Much has been made of the fact that both Donald Trump and Bernie Sanders are basing their campaigns on an appeal to the anti-establishment mood of some voters. Occasionally that inspires people to think about an election in my home state of Minnesota when an anti-establishment candidate won the race for Governor. Of course, I'm referring to Jesse Ventura.
As someone who lived through that debacle, there are a couple of things I'd like to say about it. First of all, Ventura ran as a Reform Party (i.e., Ross Perot) candidate and was able to win a plurality (not a majority) of the vote in a three-way race. Unless either Trump or Sanders choses that option, the comparison ends there.
Some Sanders supporters are also pointing out that Ventura won that three-way race based on the fact that young people turned out in droves to vote for him. While I would suggest that the last thing Bernie Sanders should want to embrace is a comparison to Jesse "The Body" Ventura, it is also important to keep in mind that the surge in the youth vote came at the last minute and was made possible by the fact that Minnesota allows same-day voter registration. I knew some of the young people who took advantage of that. It was not a well-thought out decision. In a time of peace and prosperity (1998), they did it on a lark - with not much to lose.
Overall, the governorship of Ventura was not the disaster many of us worried that it would be. He didn't really do much - but then, there were no real crises or challenges to deal with at the time. As a member of a third party, Ventura got almost no cooperation from the parties in the state legislature - with one exception. At the time, Minnesota had a substantial budget surplus and Republicans were more than happy to join Ventura on tax refunds that began the process of wiping it out (furthered, of course, under Governor Pawlenty). That was all fun and games until the Great Recession hit in 2008 and made mincemeat of the state budget - with no reserves to draw on.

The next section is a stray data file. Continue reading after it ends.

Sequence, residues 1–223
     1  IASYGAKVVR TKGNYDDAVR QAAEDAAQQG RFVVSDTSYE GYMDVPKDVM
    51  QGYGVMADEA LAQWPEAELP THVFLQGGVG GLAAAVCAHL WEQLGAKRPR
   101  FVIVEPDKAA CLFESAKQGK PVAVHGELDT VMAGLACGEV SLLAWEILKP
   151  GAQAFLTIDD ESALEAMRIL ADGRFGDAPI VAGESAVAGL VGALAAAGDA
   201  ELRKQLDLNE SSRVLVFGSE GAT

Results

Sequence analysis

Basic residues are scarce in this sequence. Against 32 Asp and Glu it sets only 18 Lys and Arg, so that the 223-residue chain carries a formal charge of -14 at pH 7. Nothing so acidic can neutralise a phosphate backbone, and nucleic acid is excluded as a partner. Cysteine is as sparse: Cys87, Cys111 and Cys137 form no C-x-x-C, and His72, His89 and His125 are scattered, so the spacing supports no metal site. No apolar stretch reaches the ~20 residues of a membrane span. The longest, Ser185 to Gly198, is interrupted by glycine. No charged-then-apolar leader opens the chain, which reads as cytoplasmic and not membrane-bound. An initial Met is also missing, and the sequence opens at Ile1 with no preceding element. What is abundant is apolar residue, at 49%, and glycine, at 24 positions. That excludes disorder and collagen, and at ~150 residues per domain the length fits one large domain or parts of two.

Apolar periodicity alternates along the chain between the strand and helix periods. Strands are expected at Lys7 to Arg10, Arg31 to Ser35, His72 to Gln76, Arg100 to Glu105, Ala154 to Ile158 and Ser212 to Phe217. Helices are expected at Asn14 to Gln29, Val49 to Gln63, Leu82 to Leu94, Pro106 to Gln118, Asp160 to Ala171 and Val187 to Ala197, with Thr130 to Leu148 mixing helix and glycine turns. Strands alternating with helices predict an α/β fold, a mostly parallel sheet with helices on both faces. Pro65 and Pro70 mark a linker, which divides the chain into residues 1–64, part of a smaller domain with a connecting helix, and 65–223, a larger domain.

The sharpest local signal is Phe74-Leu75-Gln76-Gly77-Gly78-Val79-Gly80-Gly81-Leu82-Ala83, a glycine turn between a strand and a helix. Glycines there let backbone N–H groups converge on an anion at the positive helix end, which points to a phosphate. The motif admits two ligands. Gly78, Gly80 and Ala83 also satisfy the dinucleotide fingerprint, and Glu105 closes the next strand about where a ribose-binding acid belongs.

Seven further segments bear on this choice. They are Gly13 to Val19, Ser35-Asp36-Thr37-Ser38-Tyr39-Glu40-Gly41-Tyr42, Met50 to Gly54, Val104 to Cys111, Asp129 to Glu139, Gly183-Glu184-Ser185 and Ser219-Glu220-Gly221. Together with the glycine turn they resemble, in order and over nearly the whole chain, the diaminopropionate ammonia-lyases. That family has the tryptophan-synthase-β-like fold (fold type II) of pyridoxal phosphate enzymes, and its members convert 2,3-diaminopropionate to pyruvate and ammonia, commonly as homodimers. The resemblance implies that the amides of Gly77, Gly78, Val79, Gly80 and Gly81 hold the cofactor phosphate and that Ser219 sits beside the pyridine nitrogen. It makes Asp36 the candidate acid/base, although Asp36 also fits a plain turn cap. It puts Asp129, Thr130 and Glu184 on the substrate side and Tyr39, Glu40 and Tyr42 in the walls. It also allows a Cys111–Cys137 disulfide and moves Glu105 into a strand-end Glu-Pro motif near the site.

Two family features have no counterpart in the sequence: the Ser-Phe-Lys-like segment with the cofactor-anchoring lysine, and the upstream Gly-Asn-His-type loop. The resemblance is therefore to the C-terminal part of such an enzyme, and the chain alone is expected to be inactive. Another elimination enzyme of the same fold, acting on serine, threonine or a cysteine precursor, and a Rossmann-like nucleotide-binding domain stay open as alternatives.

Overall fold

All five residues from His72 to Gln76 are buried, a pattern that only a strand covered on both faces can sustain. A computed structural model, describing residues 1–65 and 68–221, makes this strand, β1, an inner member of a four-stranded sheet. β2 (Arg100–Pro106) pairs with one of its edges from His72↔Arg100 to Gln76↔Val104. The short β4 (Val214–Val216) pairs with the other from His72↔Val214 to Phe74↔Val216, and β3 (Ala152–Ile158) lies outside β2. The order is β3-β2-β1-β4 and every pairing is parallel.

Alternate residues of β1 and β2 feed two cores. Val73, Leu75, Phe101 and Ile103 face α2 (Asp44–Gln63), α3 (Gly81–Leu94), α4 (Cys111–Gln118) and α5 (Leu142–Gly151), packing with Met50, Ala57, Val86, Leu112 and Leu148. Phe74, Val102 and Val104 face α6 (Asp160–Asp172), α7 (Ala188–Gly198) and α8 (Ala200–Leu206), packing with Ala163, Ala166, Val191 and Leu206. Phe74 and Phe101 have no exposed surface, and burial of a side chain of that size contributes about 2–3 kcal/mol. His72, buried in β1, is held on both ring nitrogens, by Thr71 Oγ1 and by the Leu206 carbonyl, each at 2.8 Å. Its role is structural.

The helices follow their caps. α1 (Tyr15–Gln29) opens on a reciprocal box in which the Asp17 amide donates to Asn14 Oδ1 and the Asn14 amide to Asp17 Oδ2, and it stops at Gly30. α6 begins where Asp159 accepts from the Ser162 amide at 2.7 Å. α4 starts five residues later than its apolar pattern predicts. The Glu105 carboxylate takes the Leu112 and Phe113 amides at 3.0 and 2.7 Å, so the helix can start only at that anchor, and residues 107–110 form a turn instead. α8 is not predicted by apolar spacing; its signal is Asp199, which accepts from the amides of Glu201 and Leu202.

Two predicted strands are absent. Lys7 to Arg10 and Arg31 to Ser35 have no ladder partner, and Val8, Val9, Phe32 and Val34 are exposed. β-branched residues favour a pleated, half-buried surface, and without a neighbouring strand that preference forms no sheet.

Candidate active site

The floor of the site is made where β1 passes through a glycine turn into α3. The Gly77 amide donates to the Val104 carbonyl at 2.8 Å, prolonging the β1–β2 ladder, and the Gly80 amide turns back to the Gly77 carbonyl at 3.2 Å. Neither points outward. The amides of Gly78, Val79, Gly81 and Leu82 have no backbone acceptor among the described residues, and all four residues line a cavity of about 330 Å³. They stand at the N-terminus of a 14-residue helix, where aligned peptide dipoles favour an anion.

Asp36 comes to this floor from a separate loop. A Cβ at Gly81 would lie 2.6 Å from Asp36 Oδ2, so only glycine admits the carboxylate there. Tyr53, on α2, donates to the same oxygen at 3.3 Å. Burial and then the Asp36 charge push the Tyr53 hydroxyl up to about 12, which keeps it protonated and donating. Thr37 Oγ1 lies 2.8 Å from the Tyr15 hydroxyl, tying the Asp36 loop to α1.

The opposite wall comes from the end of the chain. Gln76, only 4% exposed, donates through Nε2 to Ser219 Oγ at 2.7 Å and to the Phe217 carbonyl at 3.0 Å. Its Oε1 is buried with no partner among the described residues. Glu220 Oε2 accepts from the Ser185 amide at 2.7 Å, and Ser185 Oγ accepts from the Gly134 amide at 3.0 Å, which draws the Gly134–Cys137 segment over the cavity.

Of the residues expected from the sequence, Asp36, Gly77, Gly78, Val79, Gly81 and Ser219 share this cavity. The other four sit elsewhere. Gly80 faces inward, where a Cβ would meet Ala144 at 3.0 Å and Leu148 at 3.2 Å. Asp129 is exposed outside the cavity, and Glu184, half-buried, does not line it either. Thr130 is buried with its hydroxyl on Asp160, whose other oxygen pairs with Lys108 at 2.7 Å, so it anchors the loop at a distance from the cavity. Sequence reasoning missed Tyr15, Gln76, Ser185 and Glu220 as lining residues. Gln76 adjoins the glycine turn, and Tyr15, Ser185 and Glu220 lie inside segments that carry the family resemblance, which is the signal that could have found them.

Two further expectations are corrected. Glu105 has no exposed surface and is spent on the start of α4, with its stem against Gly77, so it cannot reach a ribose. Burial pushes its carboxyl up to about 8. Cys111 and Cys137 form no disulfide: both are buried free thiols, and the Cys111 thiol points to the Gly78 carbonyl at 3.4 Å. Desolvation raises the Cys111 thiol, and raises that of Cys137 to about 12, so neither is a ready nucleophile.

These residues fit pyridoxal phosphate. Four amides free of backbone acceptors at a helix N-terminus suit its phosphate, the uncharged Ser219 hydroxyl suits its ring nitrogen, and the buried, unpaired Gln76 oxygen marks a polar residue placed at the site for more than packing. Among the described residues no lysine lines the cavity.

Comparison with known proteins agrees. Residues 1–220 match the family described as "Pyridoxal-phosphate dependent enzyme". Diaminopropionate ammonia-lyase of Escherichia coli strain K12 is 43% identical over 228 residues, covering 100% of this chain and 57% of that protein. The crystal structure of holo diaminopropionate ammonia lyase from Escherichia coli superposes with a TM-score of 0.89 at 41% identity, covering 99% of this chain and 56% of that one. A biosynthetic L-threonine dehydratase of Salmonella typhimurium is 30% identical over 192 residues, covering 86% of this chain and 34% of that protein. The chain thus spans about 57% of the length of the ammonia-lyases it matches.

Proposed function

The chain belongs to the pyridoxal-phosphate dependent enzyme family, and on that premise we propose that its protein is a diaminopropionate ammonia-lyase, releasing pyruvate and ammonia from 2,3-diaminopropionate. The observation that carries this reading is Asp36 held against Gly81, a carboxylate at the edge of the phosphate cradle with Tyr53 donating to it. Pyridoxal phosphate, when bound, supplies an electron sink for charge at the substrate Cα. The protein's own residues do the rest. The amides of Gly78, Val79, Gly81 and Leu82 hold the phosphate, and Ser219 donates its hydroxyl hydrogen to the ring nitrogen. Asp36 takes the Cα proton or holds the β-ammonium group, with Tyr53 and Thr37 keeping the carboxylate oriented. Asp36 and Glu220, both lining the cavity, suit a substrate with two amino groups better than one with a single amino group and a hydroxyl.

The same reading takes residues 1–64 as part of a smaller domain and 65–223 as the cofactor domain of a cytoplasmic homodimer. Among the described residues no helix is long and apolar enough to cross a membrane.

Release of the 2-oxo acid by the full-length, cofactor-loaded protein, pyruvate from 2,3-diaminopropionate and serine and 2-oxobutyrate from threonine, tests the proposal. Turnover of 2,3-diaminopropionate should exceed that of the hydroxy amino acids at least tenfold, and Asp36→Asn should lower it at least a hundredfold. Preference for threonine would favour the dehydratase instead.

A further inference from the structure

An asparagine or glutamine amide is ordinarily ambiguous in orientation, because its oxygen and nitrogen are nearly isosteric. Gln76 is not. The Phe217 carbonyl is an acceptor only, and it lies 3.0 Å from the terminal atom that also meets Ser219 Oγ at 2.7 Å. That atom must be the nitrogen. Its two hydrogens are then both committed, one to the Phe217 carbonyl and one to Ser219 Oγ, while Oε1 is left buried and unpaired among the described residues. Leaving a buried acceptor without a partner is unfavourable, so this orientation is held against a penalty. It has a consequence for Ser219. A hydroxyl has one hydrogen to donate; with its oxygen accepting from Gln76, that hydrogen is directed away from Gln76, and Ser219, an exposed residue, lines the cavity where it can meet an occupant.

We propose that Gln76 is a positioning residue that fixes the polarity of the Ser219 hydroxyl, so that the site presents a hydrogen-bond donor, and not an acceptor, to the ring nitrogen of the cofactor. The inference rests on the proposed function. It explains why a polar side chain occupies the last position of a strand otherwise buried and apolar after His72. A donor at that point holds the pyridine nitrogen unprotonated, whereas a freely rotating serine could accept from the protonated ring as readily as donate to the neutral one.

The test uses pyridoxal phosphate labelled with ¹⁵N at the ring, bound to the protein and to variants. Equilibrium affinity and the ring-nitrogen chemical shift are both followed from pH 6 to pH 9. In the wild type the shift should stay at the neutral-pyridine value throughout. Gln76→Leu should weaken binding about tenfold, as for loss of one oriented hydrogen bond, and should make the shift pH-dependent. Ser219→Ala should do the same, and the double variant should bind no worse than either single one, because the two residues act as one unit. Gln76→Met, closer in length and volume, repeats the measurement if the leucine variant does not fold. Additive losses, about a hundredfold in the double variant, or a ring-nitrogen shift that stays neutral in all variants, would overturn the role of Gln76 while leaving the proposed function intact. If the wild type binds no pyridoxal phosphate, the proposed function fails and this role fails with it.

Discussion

After four years Ventura got bored and moved on. While he recently claimed that he would run if Sanders fails to get the Democratic nomination, he shares much more in common with Donald Trump when it comes to personality and a craving for the spotlight.
Far be it from me to tell anyone else what do to, but I find it odd that people who say that they're looking for authenticity in politics would chose a candidate from the scripted Orwellian-named "reality TV" shows or a professional wrestler with the motto, "Win if you can, lose if you must, but always cheat!"